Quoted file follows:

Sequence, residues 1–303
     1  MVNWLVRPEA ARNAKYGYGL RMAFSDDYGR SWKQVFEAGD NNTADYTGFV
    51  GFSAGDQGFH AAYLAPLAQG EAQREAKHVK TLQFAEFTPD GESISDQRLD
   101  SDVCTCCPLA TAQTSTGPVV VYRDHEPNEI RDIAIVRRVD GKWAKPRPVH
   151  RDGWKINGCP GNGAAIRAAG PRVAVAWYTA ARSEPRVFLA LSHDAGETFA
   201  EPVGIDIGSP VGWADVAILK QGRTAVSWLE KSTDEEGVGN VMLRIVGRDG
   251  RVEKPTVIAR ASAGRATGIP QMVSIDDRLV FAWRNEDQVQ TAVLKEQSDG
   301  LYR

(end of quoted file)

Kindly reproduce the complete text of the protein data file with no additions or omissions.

Sequence, residues 1–303
     1  MVNWLVRPEA ARNAKYGYGL RMAFSDDYGR SWKQVFEAGD NNTADYTGFV
    51  GFSAGDQGFH AAYLAPLAQG EAQREAKHVK TLQFAEFTPD GESISDQRLD
   101  SDVCTCCPLA TAQTSTGPVV VYRDHEPNEI RDIAIVRRVD GKWAKPRPVH
   151  RDGWKINGCP GNGAAIRAAG PRVAVAWYTA ARSEPRVFLA LSHDAGETFA
   201  EPVGIDIGSP VGWADVAILK QGRTAVSWLE KSTDEEGVGN VMLRIVGRDG
   251  RVEKPTVIAR ASAGRATGIP QMVSIDDRLV FAWRNEDQVQ TAVLKEQSDG
   301  LYR